OLED screen technology produces better colors in part because it doesn't have to be backlit the way standard TVs do. But it's more expensive. So far, LG has sold the majority of OLED sets, though other manufacturers including Sony may announce OLED plans at CES.

Samsung, meanwhile, has been touting "quantum dot" technology, including a refined version called "QLED" announced Tuesday at CES. Quantum dot is essentially a layer of materials for purer colors and brighter displays. LG, Samsung and others also have "high-dynamic range," or HDR, for brighter whites, darker blacks, and a wider range of colors. TCL has an HDR variant called Dolby Vision.

DOES IT MATTER?
Whether the average human eye can really appreciate all this — particularly on smaller screens — is another matter. 4K sets, for instance, offer sharper pictures than older HD screens, but the difference is nowhere as dramatic as the change from older standard definition to HD.

And some of these technologies improve video only for the few movies and shows that support them. For now, technologies like HDR are high-end features for high-end sets, just as 4K was a few years ago.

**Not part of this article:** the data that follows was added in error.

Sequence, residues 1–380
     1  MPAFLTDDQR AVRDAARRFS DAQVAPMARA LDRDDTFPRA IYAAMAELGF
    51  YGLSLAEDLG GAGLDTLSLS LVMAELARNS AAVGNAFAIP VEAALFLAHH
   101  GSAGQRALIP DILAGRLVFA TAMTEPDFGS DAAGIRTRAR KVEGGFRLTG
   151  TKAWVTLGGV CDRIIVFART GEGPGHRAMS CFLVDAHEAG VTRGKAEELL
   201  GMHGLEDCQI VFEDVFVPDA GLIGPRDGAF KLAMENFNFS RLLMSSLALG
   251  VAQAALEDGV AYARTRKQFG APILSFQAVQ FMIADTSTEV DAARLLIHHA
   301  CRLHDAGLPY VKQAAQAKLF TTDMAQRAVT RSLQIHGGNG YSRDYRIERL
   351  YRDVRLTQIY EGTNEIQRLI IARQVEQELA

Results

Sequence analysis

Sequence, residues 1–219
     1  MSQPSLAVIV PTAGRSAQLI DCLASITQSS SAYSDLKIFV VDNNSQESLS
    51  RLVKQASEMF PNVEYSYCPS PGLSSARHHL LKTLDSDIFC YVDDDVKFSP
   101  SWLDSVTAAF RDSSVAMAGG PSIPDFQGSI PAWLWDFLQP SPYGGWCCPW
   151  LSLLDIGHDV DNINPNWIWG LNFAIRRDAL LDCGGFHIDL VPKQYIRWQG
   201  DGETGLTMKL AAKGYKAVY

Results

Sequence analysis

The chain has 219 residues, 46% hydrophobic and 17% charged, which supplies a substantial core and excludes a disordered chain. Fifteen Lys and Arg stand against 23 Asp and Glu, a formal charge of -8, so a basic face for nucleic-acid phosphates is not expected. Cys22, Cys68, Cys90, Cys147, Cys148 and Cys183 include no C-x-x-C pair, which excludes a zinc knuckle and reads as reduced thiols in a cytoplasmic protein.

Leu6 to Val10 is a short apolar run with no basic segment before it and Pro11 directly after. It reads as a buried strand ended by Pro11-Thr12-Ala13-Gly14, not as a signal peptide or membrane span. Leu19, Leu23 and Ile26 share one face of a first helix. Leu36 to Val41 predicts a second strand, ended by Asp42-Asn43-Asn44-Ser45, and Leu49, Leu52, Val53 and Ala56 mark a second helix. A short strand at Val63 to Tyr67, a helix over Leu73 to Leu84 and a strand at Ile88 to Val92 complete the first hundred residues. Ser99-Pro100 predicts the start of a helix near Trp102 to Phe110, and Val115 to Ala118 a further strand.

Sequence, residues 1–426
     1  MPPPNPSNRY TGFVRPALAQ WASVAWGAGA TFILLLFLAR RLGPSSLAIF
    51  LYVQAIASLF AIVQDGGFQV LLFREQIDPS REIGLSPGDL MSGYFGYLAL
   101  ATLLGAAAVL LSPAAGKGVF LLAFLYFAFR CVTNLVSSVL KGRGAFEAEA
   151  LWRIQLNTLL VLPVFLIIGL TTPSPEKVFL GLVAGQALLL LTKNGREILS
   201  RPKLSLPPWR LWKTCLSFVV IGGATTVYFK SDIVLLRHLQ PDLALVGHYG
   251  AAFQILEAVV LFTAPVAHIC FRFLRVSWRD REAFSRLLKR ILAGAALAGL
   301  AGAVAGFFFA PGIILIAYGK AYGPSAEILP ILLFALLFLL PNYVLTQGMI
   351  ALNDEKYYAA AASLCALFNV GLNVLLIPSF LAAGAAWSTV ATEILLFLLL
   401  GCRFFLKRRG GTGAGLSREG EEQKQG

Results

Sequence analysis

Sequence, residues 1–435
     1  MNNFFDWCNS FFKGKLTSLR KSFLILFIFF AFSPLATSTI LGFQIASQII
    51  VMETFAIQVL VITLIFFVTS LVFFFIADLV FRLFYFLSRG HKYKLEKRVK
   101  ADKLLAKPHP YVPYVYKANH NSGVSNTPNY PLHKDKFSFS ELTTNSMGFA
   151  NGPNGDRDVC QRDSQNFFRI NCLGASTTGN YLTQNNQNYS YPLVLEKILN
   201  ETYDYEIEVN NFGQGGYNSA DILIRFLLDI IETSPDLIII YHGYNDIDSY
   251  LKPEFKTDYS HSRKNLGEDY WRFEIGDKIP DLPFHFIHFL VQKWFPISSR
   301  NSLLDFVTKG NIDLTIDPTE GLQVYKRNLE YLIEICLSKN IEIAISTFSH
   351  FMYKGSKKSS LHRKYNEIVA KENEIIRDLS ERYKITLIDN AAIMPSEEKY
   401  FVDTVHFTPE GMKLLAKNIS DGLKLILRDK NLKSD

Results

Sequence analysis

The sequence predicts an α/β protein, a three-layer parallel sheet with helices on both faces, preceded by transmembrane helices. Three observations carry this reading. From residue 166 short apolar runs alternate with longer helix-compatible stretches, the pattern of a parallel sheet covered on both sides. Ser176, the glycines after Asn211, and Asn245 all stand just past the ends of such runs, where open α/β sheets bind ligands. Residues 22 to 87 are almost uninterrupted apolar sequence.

"There's always a push-and-pull between what TV companies try to sell consumers and what they actually need," IHS Markit analyst Paul Gagnon said.

Ed Morrissey, a writer in Minneapolis, recently bought a 55-inch Samsung 4K TV with a curved screen and HDR, in part to future-proof a purchase he could be living with for almost a decade. "If I'm going to do something new, I want to make sure I have the emerging technology," he said.

It's far from clear, however, which of the color technologies will become standard. Buyers like Morrissey could end up stranded if, for instance, HDR fails to take off — just as buyers of 3-D sets were after the technology flopped.

TV manufacturers are taking some other steps to make their sets more useful. Gagnon said he expects announcements from TV makers about how their sets will work with new home hubs such as the Amazon Echo and Google Home. And Samsung, Philips and others are allowing people to use smartphones and tablets and voice control to better navigate through channels and streaming services.